Adi Talwar

We Run Brownsville during a December 10th run .

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This is a sidebar to our series Death’s Disparities, a series about the growing gap in life expectancy between rich and poor New York.
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Lifelong friends Sheila Gordon and Dionne Grayman don’t remember exactly when they came up with the idea for a women’s running group, We Run Brownsville–but they are sure of one thing: The group isn’t just about getting women in shape, it’s also a call to action. Gordon, who works for the New York Road Runners Club, and Grayman, who works to reduce school suspensions through restorative justice programs in public schools, believe that the best way to make change is to put the power in the hands of the people who need it the most.

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What Kills New Yorkers
Mapping the leading causes of death
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“The name was intentional,” says Gordon. “This would be a running program, but [also] an advocacy program.” The long-term goal, she says, “is to have the women take on something in the community from the inside out that could affect change.”

While the idea of a running club as a vehicle for change may seem slightly far-fetched for some, Gordon and Grayman are nothing if not determined.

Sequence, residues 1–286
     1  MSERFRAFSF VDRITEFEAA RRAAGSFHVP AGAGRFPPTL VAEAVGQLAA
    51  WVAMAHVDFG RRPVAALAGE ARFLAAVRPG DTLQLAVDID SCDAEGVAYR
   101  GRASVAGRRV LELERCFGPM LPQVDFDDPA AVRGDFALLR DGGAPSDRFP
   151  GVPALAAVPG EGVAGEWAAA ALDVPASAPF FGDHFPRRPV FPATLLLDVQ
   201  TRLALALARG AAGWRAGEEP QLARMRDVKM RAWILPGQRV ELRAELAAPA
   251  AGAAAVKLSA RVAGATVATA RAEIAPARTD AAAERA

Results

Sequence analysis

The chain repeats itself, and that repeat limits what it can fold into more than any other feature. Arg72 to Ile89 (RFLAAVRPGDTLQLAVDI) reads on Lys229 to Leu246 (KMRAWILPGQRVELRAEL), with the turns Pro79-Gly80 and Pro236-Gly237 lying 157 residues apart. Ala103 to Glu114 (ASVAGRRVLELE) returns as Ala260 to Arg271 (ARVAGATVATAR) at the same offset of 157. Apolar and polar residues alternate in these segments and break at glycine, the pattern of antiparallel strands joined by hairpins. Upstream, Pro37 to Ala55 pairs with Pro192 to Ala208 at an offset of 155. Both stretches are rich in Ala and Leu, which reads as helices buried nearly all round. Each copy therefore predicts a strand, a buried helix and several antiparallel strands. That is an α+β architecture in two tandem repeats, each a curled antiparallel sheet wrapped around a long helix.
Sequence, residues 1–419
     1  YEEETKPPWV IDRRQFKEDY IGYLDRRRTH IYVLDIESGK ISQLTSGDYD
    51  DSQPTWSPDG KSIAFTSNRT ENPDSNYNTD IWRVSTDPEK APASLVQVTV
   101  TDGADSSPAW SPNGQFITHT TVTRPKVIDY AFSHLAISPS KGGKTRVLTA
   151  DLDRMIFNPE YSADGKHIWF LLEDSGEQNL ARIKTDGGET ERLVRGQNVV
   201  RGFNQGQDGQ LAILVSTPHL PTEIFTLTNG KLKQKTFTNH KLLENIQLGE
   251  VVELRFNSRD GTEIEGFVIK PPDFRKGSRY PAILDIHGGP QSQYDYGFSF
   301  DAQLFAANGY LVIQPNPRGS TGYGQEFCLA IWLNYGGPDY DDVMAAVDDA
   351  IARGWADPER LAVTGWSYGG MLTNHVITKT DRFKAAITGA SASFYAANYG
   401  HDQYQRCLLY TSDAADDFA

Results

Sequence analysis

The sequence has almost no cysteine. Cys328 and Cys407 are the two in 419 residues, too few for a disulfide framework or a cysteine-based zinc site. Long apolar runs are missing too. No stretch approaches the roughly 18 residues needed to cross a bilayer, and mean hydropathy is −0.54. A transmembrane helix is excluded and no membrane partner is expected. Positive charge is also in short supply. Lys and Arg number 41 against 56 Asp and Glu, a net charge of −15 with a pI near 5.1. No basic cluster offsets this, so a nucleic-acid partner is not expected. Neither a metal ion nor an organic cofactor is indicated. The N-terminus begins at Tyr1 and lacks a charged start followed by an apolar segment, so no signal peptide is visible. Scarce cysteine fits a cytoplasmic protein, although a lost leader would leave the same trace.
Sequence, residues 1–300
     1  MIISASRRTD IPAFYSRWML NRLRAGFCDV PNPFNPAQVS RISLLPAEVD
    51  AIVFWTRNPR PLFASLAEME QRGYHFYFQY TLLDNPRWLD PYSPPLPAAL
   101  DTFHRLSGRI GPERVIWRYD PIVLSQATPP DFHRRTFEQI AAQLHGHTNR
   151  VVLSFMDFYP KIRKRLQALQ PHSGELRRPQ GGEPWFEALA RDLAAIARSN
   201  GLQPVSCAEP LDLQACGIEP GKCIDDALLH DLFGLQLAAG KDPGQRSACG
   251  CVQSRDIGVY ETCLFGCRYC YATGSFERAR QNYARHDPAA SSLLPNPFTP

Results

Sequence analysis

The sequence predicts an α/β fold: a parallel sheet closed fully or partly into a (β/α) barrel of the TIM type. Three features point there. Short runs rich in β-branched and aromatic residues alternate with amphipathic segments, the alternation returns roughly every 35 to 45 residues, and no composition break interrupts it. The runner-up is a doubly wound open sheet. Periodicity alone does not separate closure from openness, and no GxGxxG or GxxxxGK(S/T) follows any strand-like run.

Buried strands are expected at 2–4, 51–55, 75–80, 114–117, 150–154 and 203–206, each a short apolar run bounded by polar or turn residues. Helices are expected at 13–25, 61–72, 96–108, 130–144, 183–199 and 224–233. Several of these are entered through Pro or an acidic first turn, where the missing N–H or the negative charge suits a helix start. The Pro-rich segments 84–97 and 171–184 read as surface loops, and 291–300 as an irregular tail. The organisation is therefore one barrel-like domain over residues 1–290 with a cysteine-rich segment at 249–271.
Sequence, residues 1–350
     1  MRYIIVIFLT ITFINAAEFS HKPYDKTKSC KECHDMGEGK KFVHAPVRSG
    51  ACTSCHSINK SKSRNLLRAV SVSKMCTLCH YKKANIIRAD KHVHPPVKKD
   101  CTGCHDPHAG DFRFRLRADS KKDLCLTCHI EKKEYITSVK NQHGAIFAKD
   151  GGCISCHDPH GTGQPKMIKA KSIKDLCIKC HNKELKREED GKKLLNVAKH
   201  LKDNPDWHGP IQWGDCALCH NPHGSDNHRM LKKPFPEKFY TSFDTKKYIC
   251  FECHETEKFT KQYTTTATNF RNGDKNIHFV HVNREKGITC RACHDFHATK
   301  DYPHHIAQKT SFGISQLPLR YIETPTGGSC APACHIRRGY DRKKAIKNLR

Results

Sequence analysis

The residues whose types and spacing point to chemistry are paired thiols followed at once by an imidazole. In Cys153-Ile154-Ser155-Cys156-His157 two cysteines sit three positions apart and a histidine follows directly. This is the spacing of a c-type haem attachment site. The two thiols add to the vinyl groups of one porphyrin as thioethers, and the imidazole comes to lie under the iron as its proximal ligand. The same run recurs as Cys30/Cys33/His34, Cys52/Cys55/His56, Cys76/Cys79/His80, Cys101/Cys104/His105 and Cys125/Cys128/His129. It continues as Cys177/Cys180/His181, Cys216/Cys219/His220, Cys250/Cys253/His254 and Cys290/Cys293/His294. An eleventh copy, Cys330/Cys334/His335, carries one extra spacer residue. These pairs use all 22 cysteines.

This past summer, starting with a grant from the nonprofit Brownsville Partnership and Brooklyn Community Foundation, the two women bought sneakers, water bottles, granola bars and jump ropes and solicited the help of a friend and elite runner to train a starting cohort of 22 women. For eight weeks, the women trained as a group twice a week on the track at Betsy Head Park in Brownsville, and each runner was to complete one additional day of training on their own during the weekend. The goal was to run a 5 K in East New York.

Their efforts were so successful that a second cohort started in the fall to train for a four-mile holiday race in Prospect Park. On Saturday, December 3, 15 women did the four-mile Jingle Bell Jog and Reindeer Run. It was no small accomplishment, says Grayman.

“We have women running who are obese. We have women running who suffer from depression. We have women running who have high blood pressure.” What unites all the women, says Grayman, is their desire for change. “There is an external narrative about Brownsville, that it is violent, that is it home to negative health outcomes, that it is the unsafest neighborhood in the city.” While elements of that narrative are true, it’s not the whole truth, she says: “We run the track to say the park is active and the track is in use and that although there are these negative health conditions that exist in Brownsville, there are people seeking to be healthy.”

Adds Gordon, “Collectively, they (the runners) are seeing their own lives transform. [An] example of that and how we know that is happening: One of the moms had her children there (on a group run day) and the kids wanted a soda. And she said, ‘If I can’t have soda, you guys have to stop having soda.’ As part of the running group, she can’t have soda. If we take those small steps like that, where we see a mom passing something down that will make her children healthy, this is worth doing.”

Read More: How Does Life Expectancy Compare Across NYC Neighborhoods?